Emory Law Journal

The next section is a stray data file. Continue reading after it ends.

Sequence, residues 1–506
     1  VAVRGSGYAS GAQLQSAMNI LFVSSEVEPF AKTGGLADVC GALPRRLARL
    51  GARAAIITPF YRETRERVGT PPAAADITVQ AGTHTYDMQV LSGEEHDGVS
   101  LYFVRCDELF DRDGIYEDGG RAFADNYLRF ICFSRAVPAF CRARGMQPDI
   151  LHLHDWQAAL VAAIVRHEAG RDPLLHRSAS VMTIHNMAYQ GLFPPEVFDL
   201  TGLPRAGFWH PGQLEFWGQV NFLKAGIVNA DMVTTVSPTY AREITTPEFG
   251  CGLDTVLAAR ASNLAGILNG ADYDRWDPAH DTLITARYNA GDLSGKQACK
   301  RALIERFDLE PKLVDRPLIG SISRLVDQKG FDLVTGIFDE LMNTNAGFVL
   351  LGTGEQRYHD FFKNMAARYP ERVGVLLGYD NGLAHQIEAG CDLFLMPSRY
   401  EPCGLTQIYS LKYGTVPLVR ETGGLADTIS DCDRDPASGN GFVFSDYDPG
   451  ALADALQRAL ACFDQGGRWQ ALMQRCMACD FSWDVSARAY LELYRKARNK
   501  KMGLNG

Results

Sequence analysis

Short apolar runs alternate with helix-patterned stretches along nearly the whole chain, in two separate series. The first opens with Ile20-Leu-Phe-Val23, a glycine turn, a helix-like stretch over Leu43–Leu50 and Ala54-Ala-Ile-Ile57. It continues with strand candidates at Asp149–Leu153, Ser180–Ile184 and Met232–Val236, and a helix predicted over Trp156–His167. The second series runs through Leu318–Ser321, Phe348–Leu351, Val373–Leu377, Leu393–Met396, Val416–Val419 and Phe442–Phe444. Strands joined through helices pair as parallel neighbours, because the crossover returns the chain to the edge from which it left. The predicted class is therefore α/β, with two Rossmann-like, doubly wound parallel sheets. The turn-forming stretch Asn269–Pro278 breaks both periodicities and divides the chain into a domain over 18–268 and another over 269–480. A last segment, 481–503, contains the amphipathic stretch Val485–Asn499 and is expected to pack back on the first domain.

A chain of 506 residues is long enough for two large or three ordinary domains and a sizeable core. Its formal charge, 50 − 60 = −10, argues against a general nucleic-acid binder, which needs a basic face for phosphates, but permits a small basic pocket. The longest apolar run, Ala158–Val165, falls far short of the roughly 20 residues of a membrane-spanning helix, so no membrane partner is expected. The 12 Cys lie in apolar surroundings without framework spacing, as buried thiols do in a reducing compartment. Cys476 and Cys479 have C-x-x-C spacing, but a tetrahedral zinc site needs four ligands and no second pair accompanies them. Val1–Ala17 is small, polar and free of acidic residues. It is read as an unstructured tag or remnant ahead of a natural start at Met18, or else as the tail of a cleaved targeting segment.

Huge amounts of money will soon be spent by governments and private entities to develop technology to reduce the costs of climate change mitigation and adaptation, and to deploy new energy and transportation infrastructures. Incredibly, we still lack any good idea of the best means of providing massive amounts of government or private money so as to promote the most innovation and technology diffusion at the lowest cost. This Article seeks to support better analyses of, and decision making regarding, the choices of government innovation-funding mechanisms by discussing the limits of current analyses and providing a taxonomy of such measures. It also proposes future work to better analyze what we know about these choices and their relative effectiveness, and it discusses new measures to expand our knowledge base, which include: (1) better tracking of government innovation-funding inputs and outputs; (2) better documentation of and self-conscious decision making regarding funding choices; and (3) creating experiments that go beyond existing natural experiments.